Sustainability: Today we hear more and more often of sustainable materials when it comes to building your own home. Using non-renewable fuel and materials can cause harm to the environment. There is now a trend towards sustainability, rather than on fuel and materials that pump considerable amounts of CO2 into the atmosphere, and on those that negatively impact the environment. If you’ve decided to build your own home, opt for sustainable materials that last for a long time, but are also strong and durable. There are also government tax breaks for those who use sustainable materials for their homes. In many cases, you can also sell energy back to the National Grid. This helps to diminish your carbon footprint and consumption of natural materials. To create a truly green home, all parts of the house should be environmentally friendly. Some of the sustainable materials you can use in home building include reclaimed lumber, recycled plastic, or natural products like bamboo, cork and linoleum that are composed of natural, renewable materials.
Solar panels: Solar energy is a source of clean, renewable energy, which has become popular in the form of solar panels. These solar panels utilize the natural power of the sun. They may be an expensive investment, but it is one that leads to cost saving benefits in the long run. The amount of power that is collected depends upon the location of the home and the manner in which they are constructed. Using solar panels, you can significantly reduce your energy consumption. Any excess energy can be supplied to your utility company. Those who make use of solar power in their homes are eligible for government grants, tax breaks and incentives.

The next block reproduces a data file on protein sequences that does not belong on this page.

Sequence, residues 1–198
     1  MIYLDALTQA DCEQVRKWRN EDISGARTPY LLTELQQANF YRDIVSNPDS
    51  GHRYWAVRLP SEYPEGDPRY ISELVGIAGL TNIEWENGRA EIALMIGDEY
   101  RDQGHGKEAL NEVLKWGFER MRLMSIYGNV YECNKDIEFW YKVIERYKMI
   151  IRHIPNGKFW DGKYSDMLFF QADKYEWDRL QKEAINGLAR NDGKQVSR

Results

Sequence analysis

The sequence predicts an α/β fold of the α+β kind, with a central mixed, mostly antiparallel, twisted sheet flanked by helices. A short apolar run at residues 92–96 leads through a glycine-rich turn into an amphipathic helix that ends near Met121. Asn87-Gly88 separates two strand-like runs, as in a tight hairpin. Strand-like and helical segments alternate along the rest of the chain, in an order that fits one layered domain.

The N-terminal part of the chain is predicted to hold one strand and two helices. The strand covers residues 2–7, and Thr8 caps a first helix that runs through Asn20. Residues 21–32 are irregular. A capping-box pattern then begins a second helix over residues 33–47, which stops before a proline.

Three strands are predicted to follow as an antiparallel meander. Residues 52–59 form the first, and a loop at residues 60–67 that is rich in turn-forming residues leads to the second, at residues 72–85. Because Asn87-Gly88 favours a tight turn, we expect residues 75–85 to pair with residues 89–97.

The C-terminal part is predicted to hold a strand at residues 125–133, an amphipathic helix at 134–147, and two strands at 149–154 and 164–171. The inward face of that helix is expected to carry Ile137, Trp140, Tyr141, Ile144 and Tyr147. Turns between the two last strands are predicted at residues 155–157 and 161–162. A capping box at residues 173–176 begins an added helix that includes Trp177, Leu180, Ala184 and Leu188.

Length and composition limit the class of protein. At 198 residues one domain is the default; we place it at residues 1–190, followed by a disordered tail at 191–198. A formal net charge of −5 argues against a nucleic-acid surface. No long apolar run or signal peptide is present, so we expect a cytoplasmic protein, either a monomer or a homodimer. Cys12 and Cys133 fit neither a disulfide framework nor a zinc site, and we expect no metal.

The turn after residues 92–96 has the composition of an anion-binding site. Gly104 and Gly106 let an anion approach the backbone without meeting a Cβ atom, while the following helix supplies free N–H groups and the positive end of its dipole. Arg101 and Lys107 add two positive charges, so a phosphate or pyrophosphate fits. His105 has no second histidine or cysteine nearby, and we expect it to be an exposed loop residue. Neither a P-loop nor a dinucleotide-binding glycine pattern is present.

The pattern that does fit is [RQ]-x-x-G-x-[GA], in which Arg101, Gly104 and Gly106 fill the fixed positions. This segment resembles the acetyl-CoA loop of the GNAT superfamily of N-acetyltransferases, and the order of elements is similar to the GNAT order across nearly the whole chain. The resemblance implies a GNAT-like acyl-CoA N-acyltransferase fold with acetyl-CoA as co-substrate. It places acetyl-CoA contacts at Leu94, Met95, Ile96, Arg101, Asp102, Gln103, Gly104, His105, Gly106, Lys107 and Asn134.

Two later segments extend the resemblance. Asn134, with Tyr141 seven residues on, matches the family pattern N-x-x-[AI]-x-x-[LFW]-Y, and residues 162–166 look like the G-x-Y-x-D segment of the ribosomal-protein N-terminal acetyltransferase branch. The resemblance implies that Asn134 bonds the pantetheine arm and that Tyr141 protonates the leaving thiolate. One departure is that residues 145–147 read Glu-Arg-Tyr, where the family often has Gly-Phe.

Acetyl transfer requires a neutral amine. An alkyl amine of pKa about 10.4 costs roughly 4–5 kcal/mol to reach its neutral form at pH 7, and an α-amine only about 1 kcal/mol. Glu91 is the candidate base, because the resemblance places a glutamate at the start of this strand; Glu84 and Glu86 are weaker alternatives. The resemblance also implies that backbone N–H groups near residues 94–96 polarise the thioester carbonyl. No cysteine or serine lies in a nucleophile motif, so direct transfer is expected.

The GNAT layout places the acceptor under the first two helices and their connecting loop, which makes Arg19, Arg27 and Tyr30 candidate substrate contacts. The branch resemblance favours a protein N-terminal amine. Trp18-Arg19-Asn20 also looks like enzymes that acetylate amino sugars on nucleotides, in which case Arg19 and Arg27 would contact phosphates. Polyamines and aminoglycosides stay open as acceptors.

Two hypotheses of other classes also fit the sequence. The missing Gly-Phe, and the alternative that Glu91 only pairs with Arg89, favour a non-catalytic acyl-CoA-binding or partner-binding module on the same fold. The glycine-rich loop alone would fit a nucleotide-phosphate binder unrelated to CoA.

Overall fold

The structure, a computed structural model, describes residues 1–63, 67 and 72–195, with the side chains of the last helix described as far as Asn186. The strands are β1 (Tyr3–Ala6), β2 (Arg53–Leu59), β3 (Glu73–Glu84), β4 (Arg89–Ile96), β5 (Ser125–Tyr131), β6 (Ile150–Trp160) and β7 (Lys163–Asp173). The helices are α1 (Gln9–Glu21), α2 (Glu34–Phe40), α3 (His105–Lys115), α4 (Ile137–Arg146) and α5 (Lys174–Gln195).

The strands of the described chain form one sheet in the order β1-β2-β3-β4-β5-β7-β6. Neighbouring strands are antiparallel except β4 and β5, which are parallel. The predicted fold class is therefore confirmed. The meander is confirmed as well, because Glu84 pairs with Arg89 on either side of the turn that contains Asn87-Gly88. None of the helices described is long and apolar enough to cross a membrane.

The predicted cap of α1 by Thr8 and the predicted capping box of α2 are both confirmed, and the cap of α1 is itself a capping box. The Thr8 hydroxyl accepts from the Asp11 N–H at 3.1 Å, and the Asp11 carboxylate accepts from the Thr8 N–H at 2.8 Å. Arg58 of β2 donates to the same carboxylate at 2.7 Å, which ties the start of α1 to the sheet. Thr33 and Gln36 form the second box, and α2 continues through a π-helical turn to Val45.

Energy efficient windows: Windows labeled Energy Star are energy efficient windows, a new product in the market, which are known to be more energy efficient than normal windows. The degree of energy efficiency is depicted on their energy ratings. Windows with lower ratings are more energy efficient. Also, the energy savings produced by such windows are adequate to cover the added price per window.
Rainwater harvesting: Collect rainwater from the roofs and store it in a tank with the help of a rainwater harvesting system. The water can then be used for various purposes such as the sprinkler system and washrooms. One of the most common ways of harvesting rainwater is by using rain barrels.